The results: Of the patients treated with amiodarone, 44% survived to hospital admission, compared with 35% of the placebo-treated patients, a relative increase of 27%. One subgroup with particular benefit was those patients who transiently had a return of spontaneous cardiac function before treatment with the study drug. In these patients, 64% of the amiodarone patients survived to hospital admission, compared with 41% of the placebo-treated patients.
Summary: Amiodarone appears to be an effective form of therapy in patients with cardiac arrest due to shock-refractory ventricular fibrillation.
The Trial: CABG-PATCH
Presenter: Thomas Bigger, MD, Columbia University, New York, NY.
The study: A multicenter, randomized, controlled trial of ICD therapy in high-risk patients (ejection fraction <36%, abnormal signal-averaged ECG) undergoing CABG surgery. A total of 900 patients were randomized to ICD (n=446) or no ICD (n=454) and followed clinically for an average of 3 years. The primary end point of the trial was all-cause mortality.
The results: There was no difference between the two treatment groups in all-cause mortality. The use of drugs for angina, heart failure, and arrhythmias did not differ between groups; there were no differences in the use of antiarrhythmic drugs and β-blockers.
Summary: In the high-risk group of patients studied in this trial, who were undergoing CABP, ICD therapy did not decrease mortality. ICD prophylaxis does not appear to benefit all high-risk subgroups.
The Trial: DIAMOND-MI
Presenter: Poul Erik Bloch-Thomsen, MD, PhD, University of Copenhagen, Denmark.
The study: A multicenter, randomized, placebo-controlled trial of the class III antiarrhythmic drug dofetilide in patients after MI. A total of 1510 patients were randomized to dofetilide (n=749; target dose, 0.5 mg BID) or placebo (n=761) and followed up for at least 1 year. All randomized patients were continuously monitored by telemetry for 3 days after therapy was initiated. The primary end point of the study was all-cause mortality.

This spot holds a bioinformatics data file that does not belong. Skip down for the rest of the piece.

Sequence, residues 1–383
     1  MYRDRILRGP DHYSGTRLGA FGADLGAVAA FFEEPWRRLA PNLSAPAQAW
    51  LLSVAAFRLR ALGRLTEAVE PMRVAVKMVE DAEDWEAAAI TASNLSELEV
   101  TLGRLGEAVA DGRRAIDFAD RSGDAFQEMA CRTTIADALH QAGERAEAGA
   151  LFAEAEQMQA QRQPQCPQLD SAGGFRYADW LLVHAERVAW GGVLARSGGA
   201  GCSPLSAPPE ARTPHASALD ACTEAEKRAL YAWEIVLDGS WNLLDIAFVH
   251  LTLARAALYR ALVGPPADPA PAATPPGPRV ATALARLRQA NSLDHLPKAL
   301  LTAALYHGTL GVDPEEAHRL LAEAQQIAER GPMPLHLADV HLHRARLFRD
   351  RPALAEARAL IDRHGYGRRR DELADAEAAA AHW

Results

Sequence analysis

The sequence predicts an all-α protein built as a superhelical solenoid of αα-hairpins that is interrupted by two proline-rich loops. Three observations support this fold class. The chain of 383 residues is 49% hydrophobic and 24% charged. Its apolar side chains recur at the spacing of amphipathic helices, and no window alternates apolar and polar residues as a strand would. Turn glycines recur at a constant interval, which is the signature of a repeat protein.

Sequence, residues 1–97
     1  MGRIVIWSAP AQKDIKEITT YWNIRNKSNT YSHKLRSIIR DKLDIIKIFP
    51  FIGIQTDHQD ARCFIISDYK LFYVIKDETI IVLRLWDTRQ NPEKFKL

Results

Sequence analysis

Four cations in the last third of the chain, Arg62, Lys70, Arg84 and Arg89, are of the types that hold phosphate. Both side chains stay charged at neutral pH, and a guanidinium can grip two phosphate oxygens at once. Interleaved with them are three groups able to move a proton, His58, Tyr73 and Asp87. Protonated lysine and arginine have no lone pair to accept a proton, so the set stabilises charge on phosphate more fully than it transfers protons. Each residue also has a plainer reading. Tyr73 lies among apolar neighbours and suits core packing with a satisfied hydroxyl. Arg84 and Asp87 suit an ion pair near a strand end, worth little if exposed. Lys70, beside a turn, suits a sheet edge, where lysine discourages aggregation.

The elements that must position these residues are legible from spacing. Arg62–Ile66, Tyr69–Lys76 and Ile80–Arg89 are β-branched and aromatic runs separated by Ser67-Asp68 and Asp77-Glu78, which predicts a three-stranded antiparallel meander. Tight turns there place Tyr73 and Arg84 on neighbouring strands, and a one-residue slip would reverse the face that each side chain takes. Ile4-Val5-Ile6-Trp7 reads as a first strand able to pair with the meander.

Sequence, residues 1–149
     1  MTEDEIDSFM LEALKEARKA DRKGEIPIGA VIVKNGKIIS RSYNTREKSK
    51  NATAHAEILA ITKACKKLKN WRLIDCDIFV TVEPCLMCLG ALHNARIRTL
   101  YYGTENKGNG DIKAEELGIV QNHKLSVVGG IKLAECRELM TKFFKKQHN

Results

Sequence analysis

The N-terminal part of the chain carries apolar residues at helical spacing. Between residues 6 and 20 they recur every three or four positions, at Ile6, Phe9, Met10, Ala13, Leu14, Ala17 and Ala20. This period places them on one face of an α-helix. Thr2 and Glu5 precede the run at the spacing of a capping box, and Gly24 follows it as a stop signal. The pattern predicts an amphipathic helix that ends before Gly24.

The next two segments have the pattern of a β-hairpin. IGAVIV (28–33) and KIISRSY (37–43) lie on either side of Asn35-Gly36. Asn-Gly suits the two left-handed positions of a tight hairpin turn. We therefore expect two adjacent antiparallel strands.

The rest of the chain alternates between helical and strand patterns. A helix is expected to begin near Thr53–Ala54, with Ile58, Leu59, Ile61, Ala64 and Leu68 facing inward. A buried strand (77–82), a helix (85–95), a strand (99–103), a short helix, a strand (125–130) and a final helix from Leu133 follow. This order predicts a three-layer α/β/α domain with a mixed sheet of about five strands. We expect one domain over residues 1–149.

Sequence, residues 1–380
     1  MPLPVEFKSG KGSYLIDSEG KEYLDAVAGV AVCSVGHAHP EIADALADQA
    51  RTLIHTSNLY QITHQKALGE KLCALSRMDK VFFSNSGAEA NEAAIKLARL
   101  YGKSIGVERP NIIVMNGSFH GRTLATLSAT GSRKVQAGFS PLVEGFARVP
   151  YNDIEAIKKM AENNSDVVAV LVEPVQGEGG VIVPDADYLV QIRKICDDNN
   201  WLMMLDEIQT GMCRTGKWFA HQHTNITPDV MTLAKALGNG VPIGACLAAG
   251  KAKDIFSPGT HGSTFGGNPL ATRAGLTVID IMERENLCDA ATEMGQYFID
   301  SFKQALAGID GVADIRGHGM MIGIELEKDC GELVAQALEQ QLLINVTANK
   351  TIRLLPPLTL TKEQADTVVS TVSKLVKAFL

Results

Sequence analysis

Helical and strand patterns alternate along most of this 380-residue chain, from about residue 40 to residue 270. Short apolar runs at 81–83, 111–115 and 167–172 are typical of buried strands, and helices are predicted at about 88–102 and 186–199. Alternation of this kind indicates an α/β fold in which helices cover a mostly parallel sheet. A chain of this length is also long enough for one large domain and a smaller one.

The results: There were 230 total deaths in the dofetilide group, compared with 243 total deaths in the placebo group (P=NS). There were no differences in cardiac mortality or arrhythmic death between groups. The drug was generally well tolerated, although there was a slight increase in the early incidence of torsades de pointes in the dofetilide group.
Summary: In post-MI patients, dofetilide is well tolerated, but it has no significant effect on mortality.
Congestive Heart Failure
The Trial: RESOLVD
Presenter: Salim Yusuf, MD, McMaster University, Hamilton, Ontario, Canada.
The study: A multicenter, prospective, randomized, controlled trial of Candesartan (a direct angiotensin II subtype I receptor antagonist) in 768 patients with congestive heart failure. Patients were randomized to 1 of 3 doses of Candesartan (4, 8, or 16 mg/d), enalapril alone (20 mg/d), enalapril 10 mg/d plus Candesartan 4 mg/d, or enalapril 10 mg/d plus Candesartan 8 mg/d. The primary end point of the study was exercise tolerance; the secondary end point was ventricular function.
The results: There were no differences among groups in exercise capacity, symptomatic deterioration, or quality of life; combination therapy resulted in lower levels of serum aldosterone, greater blood pressure reduction, improved ejection fraction, decreased cardiac dilatation, and a reduction in atrial natriuretic peptide and brain natriuretic peptide than either therapy alone. There were no significant differences in mortality, clinical deterioration of heart failure, or hospitalizations.
Summary: Candesartan appears to be comparable to enalapril in terms of clinical outcome. Combination therapy results in greater suppression of aldosterone, prevention of ventricular dilatation, and a greater reduction in natriuretic peptides.
Selected Abbreviations and Acronyms
|CABG||=||coronary artery bypass graft surgery|
|HMG-CoA||=||hydroxymethylglutaryl coenzyme A|
|PTCA||=||percutaneous transluminal coronary angioplasty|
|t-PA||=||tissue plasminogen activator|
Reprint requests to James J. Ferguson, MD, Cardiology Research, MC1–191, St Luke’s Episcopal Hospital, PO Box 20269, Houston, TX 77225.
- Copyright © 1998 by American Heart Association